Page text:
14. Age is a state of mind. We have the opportunity to grow to be more like ourselves every day.
  15. Developing intimate relationships is a vital part of our lives and our development. Intimacy requires openness, honesty, and vulnerability.
  16. Real, honest open communication is highly valued — and takes real skill and effort.
  17. When we slow down and learn to trust ourselves, joy arises naturally.
  18. When we slow down and learn to trust ourselves, creativity arises naturally.
  19. Self-knowledge and understanding require persistence and perseverance. Developing awareness and balance is an ongoing, unending process.
  20. Self-knowledge and understanding require discipline. Whatever path we take requires structure, guidelines, and feedback.
  21. Self-knowledge and understanding require courage.
  22. Diversity is essential. Our differences enrich our lives. There is no “other,” just as our right hand is not a stranger to our left hand.
  23. A simple rule to follow is do good, avoid harm. Of course, this is not simple or easy.
  24. There are many paths and many practices toward developing awareness and personal growth.
  25. Our everyday lives and activities provide fertile ground for developing growth and understanding.
  26. We can learn to appreciate the gifts we’ve received from our parents and to forgive them. We understand on a deep level all we have received from the generations that have come before us.
  27. We feel a deep responsibility for our children and for the generations that will come after us.
  28. We can all act as change agents. We can choose to take action in improving and healing our environment and our society. There is no shortage of issues to address, of healing to take place.
  29. We are all change agents on a personal level — we either create healing amongst those we live and work with or we create stress.
  30. We can choose to act as change agents in relation to our communities.
  31. We can choose to act as change agents in relation to our society or on a global level.
  32. Everything we hold as dear will one day change and disappear. Every business that now exists will one day cease. Every person now alive will one day die.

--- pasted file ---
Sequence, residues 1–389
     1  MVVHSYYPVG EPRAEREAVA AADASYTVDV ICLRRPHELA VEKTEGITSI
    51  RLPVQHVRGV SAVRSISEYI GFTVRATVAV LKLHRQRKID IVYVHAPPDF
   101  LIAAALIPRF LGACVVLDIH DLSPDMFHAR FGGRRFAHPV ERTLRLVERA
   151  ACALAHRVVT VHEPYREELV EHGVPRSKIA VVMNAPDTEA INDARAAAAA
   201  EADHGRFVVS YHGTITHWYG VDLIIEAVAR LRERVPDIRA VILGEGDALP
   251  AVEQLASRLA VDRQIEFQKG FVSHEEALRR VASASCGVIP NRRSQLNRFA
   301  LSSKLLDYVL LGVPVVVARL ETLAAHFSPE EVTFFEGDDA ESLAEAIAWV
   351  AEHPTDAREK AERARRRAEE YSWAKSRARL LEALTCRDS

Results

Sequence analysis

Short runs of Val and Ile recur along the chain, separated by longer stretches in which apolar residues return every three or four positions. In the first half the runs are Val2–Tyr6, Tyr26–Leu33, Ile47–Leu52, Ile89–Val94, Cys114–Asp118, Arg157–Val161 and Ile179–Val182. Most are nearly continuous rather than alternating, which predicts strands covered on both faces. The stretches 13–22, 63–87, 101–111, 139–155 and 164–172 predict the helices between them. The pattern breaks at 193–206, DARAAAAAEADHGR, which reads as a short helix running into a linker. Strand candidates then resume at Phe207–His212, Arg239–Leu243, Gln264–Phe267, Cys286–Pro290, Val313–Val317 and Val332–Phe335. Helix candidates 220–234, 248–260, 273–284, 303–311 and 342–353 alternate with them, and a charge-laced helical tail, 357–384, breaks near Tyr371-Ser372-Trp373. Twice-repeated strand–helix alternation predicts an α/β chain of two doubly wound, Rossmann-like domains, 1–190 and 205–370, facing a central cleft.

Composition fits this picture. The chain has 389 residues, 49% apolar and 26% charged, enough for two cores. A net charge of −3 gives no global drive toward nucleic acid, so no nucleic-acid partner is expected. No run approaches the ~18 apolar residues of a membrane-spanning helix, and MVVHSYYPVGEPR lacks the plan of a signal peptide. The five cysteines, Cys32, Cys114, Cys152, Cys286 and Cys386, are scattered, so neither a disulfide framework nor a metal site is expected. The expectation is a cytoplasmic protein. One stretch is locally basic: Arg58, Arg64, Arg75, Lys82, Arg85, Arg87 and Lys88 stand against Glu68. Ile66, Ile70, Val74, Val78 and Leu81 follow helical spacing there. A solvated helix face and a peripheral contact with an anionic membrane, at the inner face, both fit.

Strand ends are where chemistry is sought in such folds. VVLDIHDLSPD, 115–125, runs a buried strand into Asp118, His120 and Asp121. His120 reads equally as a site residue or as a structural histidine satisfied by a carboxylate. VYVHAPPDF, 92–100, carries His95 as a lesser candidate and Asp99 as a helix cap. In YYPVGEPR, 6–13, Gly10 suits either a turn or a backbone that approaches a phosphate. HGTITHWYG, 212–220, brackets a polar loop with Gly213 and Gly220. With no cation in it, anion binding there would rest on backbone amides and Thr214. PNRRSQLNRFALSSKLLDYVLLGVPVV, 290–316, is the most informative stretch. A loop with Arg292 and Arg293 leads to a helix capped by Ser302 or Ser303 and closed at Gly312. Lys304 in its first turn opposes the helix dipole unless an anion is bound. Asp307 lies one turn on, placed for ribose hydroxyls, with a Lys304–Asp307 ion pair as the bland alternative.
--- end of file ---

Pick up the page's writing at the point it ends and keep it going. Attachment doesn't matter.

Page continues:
33. At a deep level, we realize that we are neither in control nor not in control. Our task is to paddle the boat, with awareness and integrity. The flow of the river is outside our doing.
  34. We all have the power to find peace and happiness in the midst of change and impermanence.
  35. We have the power to heal ourselves, our communities, and our planet.

Smooches,

The Caramel Bella




CB Thought: Dream Wildly

Dream wildly. Would you rather have a “rational” life that makes sense and works for everyone else? Or an “irrational” one that is just what you dreamed of?




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My Maltese puppy; lazy Sunday mornings; a day at the Beach; Yoga; breakfast anytime of the day; my gurls (and you know who you are); my family (I’m a daddy’s girl); making new friends; Los Angeles & Washington, DC; ocean views; Anguilla; healthy foods that don’t taste healthy; politics; "greenie" things; meditating; natural curls and movies.

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  • profileCARAMEL BELLA: This is my place to write about my adventures and mis-adventures in this thing called life. I discuss my passions: the environment, politics, art & culture, writing as well as yoga, health and spirituality. The one thing you can expect from this blog is that it is not what you expected. Thanks for reading! To reach me email thecaramelbella at gmail.

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Treat the earth well. It was not given to you by your parents, It was loaned to you by your children. We do not inherit the Earth from our Ancestors, We borrow it from our Children - Ancient Indian Proverb